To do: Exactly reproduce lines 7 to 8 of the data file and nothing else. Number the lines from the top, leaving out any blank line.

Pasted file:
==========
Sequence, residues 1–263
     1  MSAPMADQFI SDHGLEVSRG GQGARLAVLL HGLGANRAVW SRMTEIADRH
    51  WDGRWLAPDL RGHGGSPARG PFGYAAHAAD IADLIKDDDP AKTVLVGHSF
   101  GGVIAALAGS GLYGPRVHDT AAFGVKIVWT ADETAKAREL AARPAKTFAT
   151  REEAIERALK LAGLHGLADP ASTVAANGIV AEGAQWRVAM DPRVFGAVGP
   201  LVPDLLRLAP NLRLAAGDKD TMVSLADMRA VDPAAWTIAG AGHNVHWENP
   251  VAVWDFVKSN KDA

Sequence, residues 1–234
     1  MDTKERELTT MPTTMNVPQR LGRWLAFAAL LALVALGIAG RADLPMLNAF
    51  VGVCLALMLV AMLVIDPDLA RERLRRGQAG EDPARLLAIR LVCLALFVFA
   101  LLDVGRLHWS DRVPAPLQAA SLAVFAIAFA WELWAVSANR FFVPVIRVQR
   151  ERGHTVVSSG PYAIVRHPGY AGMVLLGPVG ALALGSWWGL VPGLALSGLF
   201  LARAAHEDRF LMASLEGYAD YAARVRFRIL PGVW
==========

   251  VAVWDFVKSN KDA

Sequence, residues 1–234